It seems the two declines could be philosophically related: marriage is increasingly seen as a feelings-based, consumer-driven relationship. Many worry about the commitments and sacrifices that marriage presents, the narrowing of options and choices that it signifies. Meanwhile, the idea of marriage as “covenant”—as a sacred and binding act, “not to be entered into unadvisedly or lightly, but reverently, deliberately, and in accordance with the purposes for which it was instituted by God”—has fallen out of popular memory.

The church, throughout Scripture, is referred to as “the bride of Christ.” Marriage is meant to be a reflection of “the mystery of the union between Christ and his Church.” Thus, this shift in our understanding of marriage would seem to impact youths’ ability to build a proper relationship with the church: they view church, and God, through the same self-focused eyes with which they view marriage. They don’t understand that being part of a church constitutes being part of a covenant, binding relationship. Church, instead, is about them—their wants and wishes—and they’ll only attend if it gives them tangible goods.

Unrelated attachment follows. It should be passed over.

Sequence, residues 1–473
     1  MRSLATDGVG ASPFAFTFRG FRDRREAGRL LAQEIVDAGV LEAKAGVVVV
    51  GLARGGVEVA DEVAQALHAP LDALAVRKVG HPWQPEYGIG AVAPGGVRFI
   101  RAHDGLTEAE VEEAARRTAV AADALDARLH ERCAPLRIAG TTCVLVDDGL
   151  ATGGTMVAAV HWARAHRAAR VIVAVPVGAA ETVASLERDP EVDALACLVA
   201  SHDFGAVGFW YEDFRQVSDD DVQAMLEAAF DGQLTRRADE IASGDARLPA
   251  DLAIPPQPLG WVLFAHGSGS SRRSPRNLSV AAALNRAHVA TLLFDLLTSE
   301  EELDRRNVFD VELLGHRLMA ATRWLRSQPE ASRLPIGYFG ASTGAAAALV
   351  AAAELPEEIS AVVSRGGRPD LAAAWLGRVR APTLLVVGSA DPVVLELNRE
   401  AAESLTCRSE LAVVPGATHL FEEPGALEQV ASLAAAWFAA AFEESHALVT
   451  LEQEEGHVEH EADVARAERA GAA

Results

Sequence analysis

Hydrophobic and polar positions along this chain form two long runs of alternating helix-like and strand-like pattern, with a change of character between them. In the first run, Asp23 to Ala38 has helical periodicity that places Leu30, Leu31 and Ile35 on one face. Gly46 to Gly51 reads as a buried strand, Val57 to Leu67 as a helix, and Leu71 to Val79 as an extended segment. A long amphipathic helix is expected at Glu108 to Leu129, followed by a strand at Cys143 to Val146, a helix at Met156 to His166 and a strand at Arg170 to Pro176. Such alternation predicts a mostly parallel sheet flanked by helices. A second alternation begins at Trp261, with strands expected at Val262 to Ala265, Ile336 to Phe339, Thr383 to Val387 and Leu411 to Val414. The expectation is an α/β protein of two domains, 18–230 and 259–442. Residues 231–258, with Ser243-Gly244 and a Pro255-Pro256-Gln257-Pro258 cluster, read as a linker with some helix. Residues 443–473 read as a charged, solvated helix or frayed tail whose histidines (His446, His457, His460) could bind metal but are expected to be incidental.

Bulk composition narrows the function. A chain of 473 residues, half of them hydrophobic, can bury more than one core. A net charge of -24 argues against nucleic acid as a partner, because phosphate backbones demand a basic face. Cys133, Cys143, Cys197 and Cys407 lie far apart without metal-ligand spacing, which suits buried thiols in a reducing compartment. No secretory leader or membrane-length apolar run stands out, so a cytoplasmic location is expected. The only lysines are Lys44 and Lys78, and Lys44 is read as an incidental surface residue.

In discussing things that have drawn millennials back to the church, Riley occasionally provides examples of this consumerist mindset: some churches, synagogues, and mosques have focused on building fun programs for single adults, providing things like potlucks, hiking activities, international trips, and interactive worship nights. These things aren’t wrong, in and of themselves—indeed, they can be great ways to build community amongst church members. But they are also offering goods or products to youth, rather than cultivating a self-giving relationship. And for this reason, it seems unlikely they will foster a long-term relationship between youth and their religious group. They seem more likely to foster an atmosphere in which the church must constantly cater to its younger demographic, trying to make itself as “fun” and “cool” as possible. This is a trap that churches have been steadily falling into for the past several years, and it’s resulted in an atmosphere that many feel is fake, irreverent, and stale.